Federal Court to Hear Challenges to Deficient Health Care in Michigan Prisons After Prisoner Dies in Restraints
KALAMAZOO, MI- At a hearing tomorrow before U.S. District Court Judge Richard A. Enslen, the American Civil Liberties Union National Prison Project and two Ann Arbor civil rights attorneys will argue that some of the state's oldest and largest prisons do not meet constitutional standards for medical and mental health care, and that Patricia Caruso, Director of the Department of Corrections, should be held in contempt for the Defendants' non-compliance with court orders to improve medical services.
The ACLU is seeking to expand the case of Hadix v. Caruso against several prisons in Jackson, Michigan to include mental health care. Recently a court-appointed monitor of medical services in the prison system, Robert Cohen, M.D., reported his findings in the August 2006 death of a 21-year-old man who had a long history of mental illness. Cohen reported that the prisoner died shortly after being released following four days in full restraints, and no physician knew that he was actively psychotic. No psychiatrist was consulted at any point, according to Cohen.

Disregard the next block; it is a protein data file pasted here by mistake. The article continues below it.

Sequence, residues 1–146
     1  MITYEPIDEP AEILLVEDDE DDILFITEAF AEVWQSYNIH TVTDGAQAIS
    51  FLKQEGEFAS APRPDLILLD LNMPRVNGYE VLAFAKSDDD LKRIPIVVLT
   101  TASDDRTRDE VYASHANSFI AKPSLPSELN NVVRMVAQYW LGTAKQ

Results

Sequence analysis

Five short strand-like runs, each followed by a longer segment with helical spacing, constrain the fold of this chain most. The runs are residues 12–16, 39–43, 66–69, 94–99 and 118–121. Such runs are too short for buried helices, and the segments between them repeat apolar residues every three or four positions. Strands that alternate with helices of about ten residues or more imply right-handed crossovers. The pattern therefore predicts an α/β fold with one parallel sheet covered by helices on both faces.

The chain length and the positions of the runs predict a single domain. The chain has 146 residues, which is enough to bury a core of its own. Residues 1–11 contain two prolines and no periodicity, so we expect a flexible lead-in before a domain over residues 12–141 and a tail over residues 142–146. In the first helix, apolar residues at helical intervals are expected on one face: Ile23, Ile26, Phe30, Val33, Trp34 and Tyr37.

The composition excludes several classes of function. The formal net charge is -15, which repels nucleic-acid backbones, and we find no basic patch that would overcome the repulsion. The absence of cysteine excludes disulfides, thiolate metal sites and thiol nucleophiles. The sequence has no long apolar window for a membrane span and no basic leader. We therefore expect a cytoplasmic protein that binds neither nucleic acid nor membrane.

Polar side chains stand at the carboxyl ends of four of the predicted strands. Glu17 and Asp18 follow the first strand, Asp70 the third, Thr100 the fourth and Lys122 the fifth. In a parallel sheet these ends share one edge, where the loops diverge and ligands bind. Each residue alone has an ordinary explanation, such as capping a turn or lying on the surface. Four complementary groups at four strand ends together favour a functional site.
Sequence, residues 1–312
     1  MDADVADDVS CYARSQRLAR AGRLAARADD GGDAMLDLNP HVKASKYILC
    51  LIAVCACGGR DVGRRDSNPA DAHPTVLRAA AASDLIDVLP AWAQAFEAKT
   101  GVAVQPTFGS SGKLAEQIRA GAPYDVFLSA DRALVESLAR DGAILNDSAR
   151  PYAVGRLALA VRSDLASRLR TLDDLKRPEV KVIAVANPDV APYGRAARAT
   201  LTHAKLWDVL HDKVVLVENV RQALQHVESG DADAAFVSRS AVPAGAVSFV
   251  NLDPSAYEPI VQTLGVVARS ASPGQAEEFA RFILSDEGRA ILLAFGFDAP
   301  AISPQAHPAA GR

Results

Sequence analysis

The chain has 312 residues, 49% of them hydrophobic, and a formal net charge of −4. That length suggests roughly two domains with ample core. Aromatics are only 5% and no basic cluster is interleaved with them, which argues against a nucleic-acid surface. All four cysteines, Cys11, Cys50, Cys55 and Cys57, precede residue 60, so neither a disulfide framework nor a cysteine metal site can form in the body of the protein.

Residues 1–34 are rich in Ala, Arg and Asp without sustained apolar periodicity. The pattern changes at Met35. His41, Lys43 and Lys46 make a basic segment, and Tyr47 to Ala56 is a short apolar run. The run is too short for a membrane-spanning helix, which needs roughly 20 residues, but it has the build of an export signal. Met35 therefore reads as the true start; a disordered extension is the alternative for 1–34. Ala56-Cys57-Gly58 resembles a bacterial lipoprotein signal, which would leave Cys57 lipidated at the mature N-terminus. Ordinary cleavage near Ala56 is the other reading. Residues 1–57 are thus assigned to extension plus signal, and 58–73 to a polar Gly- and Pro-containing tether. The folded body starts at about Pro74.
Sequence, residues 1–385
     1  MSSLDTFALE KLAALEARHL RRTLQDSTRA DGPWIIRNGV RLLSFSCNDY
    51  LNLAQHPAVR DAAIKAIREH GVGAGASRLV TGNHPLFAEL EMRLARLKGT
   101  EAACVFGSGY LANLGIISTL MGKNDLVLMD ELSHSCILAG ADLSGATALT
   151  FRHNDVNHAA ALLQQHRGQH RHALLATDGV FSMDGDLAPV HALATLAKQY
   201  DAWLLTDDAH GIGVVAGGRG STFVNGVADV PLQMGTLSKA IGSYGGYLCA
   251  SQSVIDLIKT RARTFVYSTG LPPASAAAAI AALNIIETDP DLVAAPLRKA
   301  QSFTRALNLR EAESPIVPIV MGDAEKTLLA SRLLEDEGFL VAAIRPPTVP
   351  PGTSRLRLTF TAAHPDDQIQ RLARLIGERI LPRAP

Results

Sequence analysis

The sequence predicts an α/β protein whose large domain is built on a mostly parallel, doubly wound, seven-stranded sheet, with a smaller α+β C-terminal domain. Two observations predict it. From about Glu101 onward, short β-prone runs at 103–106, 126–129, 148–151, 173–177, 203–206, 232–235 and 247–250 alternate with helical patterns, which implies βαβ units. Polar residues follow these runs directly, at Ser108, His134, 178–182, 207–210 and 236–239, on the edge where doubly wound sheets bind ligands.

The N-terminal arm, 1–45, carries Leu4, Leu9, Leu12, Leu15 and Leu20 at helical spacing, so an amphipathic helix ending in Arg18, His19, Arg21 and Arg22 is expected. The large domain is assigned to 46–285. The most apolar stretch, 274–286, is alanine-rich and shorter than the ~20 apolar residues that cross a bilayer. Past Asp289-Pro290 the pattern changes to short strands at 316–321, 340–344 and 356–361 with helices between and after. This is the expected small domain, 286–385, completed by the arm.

Elizabeth Alexander, director of the ACLU National Prison Project said, "It is critical to explore why and how this man's sentence became a death sentence."
"Mental health care in these prisons must be improved significantly to prevent any more avoidable deaths," added Michael Barnhart, a longtime civil rights attorney.
In tomorrow's arguments, the ACLU and their co-counsel will argue that prison officials should not be allowed to use in-cell mechanical restraints outside of medical settings; that they must require medical and psychiatric evaluations of restrained prisoners, and they must develop protocols for the use of restraints. Officials must assure that prisoners have access to necessary mental health staff and more closely monitor the needs of prisoners in segregation with mental illnesses.
ACLU attorneys will also address concerns about medical services at several Jackson prisons. They will argue that prison officials should be held in contempt for their non-compliance with several of the court's previous requirements to improve medical services. These orders have not been followed and further orders protecting prisoners' lives and health are necessary.
According to Patricia Streeter, also a longtime civil rights lawyer, "Until the Department of Corrections addresses these deficiencies, prisoners in Jackson will continue to be at risk of unnecessary suffering and death."